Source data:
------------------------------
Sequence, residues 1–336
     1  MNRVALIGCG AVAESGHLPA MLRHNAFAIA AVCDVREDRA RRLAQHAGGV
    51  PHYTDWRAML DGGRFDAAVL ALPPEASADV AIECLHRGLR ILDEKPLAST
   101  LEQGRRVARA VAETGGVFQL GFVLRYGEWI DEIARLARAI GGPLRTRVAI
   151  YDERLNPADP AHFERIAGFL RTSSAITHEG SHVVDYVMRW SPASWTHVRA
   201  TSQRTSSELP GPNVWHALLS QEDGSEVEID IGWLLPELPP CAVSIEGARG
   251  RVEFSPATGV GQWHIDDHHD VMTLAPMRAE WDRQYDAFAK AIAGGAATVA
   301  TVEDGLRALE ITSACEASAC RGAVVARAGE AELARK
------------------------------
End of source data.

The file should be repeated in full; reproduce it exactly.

Sequence, residues 1–336
     1  MNRVALIGCG AVAESGHLPA MLRHNAFAIA AVCDVREDRA RRLAQHAGGV
    51  PHYTDWRAML DGGRFDAAVL ALPPEASADV AIECLHRGLR ILDEKPLAST
   101  LEQGRRVARA VAETGGVFQL GFVLRYGEWI DEIARLARAI GGPLRTRVAI
   151  YDERLNPADP AHFERIAGFL RTSSAITHEG SHVVDYVMRW SPASWTHVRA
   201  TSQRTSSELP GPNVWHALLS QEDGSEVEID IGWLLPELPP CAVSIEGARG
   251  RVEFSPATGV GQWHIDDHHD VMTLAPMRAE WDRQYDAFAK AIAGGAATVA
   301  TVEDGLRALE ITSACEASAC RGAVVARAGE AELARK